According to an April 2018 poll from Quinnipiac University, 63% of all Americans support the legalization of marijuana nationwide.

“Texas ranks as one of the states with the highest arrests rates for simple possession of marijuana, at an estimated cost of 1.5 billion in taxpayer money annually,” said Jax Finkel, Executive Director of Texas NORML. “Beto O’Rourke understands that our federal prohibition is a failed policy and it is past time for Congress to end it and allow states like Texas the freedom to pursue new, sensible alternatives.”

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Study: Frequent Cannabis Use Unrelated To Brain Morphology

NORML Blog - Mon, 04/30/2018 - 14:08

The frequent use of cannabis is not associated with changes in brain structure, according to data published online ahead of print in the journal Addiction.

An international team of scientists from Australia, the United Kingdom, and the United States assessed the relationship between habitual cannabis exposure and grey matter volumes in seven regions of the brain – including the thalamus, hippocampus, amygdala, and the nucleus accumbens – in two large population-based twin samples.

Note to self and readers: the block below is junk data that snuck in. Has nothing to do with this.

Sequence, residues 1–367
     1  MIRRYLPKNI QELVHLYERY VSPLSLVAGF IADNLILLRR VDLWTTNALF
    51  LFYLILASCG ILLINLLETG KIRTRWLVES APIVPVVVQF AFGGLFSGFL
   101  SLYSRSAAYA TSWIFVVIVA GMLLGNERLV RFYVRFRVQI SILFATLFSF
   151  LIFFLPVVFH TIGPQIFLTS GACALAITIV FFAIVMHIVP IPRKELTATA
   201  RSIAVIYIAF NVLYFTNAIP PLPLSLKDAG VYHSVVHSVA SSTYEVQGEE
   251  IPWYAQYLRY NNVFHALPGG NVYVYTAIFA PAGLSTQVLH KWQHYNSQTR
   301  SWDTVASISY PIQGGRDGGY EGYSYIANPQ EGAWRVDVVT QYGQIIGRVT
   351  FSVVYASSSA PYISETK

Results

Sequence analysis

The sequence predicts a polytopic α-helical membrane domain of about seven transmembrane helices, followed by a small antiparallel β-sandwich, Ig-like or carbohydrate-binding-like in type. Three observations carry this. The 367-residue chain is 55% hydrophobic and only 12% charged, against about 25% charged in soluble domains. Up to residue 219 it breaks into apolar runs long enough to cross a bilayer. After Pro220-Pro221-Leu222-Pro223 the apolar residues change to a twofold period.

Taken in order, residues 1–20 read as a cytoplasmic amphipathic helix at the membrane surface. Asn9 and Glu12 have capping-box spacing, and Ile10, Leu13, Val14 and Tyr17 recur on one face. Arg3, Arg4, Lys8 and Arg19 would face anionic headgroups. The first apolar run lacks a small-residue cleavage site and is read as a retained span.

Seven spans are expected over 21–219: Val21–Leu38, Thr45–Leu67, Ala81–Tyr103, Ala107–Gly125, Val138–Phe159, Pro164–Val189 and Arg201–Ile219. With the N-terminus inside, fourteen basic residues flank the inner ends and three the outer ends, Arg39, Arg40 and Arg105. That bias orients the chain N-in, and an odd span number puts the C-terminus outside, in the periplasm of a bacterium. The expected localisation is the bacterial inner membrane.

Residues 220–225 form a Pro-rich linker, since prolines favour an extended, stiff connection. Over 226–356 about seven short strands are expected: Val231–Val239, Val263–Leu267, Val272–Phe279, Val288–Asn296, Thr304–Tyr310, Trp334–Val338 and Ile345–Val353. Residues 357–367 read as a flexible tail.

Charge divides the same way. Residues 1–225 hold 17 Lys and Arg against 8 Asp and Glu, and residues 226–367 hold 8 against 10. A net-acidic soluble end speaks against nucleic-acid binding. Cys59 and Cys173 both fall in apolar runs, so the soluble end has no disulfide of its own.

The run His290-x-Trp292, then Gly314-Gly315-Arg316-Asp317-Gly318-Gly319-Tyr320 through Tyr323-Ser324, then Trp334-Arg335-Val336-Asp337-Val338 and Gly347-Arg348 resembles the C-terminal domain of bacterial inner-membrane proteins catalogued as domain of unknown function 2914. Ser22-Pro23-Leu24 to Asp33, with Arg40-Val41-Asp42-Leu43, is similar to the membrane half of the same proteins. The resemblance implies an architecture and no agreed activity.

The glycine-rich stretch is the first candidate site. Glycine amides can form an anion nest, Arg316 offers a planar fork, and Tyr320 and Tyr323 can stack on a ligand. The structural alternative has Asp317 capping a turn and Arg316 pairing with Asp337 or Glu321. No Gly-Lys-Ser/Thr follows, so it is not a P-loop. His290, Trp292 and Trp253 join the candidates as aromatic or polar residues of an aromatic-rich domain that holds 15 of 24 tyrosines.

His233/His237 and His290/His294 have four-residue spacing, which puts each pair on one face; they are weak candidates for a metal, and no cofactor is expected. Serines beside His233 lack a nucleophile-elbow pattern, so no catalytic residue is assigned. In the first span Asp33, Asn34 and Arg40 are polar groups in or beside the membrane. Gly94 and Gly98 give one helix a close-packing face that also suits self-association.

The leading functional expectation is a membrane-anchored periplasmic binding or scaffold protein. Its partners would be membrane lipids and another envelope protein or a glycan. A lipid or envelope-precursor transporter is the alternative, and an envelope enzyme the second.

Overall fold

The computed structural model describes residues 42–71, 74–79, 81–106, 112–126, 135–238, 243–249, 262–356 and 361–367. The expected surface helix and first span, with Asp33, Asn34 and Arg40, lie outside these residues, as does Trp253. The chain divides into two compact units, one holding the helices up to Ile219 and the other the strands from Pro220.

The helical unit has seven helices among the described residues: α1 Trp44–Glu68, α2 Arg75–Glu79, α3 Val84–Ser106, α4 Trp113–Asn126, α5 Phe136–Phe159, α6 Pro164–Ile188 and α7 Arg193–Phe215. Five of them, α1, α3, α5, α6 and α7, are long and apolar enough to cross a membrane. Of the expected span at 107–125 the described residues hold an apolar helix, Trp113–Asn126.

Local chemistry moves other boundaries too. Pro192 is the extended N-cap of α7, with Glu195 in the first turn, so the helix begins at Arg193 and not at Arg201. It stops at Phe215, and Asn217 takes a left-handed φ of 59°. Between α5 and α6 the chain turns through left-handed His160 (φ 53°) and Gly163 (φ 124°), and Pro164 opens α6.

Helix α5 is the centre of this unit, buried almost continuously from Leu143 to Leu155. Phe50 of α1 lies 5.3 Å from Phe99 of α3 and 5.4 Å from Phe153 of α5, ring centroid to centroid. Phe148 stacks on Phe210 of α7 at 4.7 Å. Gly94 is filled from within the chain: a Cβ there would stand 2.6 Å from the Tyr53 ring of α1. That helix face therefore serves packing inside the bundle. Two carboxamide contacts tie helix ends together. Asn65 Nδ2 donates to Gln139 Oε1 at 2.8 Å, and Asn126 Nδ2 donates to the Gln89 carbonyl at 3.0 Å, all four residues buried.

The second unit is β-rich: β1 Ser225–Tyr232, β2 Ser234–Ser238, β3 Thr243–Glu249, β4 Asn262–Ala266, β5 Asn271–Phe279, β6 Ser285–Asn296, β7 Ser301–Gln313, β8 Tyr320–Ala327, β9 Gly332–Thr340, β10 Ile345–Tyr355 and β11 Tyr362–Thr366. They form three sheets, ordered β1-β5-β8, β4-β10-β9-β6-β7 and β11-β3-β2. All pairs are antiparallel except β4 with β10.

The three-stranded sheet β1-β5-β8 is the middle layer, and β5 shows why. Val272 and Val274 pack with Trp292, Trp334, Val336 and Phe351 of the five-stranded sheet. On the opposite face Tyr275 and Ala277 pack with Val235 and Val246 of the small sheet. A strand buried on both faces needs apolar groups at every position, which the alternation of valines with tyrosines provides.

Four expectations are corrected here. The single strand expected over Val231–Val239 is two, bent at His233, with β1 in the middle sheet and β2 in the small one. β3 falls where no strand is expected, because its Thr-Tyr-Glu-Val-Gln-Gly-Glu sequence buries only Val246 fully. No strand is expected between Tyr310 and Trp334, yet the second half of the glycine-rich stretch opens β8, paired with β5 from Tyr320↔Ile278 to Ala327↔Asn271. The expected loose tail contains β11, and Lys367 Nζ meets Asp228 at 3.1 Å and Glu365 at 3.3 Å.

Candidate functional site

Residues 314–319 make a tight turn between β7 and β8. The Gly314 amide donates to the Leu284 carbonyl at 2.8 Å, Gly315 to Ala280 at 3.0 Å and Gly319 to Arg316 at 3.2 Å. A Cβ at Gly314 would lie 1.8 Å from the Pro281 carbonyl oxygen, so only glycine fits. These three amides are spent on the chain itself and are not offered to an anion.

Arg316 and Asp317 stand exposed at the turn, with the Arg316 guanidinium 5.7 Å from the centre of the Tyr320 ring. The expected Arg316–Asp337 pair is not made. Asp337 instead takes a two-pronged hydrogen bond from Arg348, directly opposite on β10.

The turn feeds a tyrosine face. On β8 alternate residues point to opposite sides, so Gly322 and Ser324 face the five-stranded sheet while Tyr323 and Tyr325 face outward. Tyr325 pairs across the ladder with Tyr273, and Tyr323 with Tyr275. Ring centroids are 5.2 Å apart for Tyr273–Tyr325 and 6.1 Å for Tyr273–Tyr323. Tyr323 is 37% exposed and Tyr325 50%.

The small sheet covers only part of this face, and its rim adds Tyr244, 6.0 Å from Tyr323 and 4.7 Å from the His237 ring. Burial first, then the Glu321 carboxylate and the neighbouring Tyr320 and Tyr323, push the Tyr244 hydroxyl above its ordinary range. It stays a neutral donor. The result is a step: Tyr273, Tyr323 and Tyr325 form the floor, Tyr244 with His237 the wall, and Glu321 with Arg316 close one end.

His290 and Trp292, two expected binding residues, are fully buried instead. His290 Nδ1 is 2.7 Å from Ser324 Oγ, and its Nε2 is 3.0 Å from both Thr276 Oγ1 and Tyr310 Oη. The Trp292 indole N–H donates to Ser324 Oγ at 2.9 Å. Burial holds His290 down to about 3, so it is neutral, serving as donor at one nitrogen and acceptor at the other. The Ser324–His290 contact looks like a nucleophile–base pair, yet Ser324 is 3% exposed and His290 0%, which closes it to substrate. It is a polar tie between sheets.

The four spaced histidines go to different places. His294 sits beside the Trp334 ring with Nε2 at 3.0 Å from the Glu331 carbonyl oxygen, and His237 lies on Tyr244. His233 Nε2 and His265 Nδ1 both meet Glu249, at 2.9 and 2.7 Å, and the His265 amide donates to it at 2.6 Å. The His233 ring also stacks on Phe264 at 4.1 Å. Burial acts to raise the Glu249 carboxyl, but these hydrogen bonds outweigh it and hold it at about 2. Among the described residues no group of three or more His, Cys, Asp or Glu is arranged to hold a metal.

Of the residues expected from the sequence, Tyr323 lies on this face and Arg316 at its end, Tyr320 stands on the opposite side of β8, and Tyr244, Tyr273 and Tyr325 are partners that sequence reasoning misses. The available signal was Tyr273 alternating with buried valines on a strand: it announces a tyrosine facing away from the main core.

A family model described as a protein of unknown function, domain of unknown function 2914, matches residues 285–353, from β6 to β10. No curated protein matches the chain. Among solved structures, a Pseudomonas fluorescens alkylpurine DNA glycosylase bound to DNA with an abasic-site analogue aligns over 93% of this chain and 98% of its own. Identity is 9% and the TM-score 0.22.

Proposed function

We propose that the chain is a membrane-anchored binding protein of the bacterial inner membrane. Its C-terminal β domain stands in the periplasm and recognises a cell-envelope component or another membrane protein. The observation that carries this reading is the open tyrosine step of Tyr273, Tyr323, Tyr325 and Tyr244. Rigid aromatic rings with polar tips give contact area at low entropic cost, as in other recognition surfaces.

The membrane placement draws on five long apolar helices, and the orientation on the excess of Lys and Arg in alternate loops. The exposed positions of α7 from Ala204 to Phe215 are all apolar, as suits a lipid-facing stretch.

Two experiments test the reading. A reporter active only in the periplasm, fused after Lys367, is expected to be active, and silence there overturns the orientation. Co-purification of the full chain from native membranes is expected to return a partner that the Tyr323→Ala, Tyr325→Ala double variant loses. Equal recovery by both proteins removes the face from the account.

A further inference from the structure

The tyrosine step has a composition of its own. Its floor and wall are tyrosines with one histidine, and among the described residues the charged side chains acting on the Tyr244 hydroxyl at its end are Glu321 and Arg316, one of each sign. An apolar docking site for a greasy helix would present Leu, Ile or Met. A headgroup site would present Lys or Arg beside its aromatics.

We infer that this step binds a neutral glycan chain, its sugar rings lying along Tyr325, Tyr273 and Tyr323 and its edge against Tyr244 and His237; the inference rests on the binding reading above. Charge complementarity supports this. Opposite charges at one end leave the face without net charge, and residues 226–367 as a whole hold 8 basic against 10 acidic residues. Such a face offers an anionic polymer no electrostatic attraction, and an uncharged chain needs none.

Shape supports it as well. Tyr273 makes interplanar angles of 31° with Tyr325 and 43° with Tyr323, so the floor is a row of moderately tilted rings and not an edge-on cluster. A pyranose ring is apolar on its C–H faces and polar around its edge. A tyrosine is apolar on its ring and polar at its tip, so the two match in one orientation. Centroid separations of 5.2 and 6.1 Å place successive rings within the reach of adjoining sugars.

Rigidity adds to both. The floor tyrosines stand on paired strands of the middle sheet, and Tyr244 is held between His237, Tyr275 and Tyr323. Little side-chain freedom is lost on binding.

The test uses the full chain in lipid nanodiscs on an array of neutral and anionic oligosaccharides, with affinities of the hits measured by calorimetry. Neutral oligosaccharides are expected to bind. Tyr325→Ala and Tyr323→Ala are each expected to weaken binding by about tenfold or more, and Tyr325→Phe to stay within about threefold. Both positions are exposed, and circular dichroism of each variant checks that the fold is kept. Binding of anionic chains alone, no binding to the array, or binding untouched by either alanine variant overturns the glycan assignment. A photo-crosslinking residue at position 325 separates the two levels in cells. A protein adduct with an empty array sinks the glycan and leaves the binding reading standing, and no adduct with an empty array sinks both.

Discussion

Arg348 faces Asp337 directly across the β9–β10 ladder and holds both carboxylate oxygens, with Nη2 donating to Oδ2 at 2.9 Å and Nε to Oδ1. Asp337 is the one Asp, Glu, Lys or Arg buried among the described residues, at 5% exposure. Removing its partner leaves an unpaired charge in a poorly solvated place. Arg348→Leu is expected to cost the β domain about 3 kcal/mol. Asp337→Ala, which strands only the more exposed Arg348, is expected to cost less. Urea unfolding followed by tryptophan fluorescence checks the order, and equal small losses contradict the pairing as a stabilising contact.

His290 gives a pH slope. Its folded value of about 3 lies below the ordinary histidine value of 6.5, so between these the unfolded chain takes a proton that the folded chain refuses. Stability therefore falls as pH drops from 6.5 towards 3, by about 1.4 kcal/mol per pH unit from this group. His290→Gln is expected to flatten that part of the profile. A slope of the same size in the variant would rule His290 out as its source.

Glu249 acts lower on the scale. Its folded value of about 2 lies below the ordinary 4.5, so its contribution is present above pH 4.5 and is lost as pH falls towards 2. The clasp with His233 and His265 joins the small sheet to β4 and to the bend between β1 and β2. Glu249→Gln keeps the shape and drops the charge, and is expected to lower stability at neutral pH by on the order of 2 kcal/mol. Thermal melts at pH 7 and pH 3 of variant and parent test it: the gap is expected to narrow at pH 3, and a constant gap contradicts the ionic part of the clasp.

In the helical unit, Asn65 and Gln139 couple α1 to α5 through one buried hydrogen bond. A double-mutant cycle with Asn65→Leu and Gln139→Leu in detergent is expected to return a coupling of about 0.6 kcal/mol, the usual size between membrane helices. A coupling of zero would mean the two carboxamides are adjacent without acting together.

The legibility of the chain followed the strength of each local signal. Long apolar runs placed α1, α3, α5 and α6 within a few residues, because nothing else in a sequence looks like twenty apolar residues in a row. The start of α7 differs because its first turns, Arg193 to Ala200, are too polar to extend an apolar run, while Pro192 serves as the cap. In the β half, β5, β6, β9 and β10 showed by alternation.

Researchers reported, “[N]ormal variation in cannabis use is statistically unrelated to individual differences in brain morphology as measured by subcortical volume.”

By contrast, the repeated use of nicotine was positively associated with significantly smaller thalamus volumes in middle-aged males.

Authors concluded: “This is the largest exploratory analysis integrating brain imaging with self-report cannabis and comorbid substance use data. After correcting for multiple testing, there was no effect of cannabis use on the volume at any subcortical region of interest in young adults or middle-aged males. … In the context of expanding medicalization and decriminalization and the concerns surrounding the consequences of increased cannabis availability, our findings suggest that normal variation in cannabis use is statistically unrelated to brain morphology as measured by subcortical volumes in non-clinical samples.”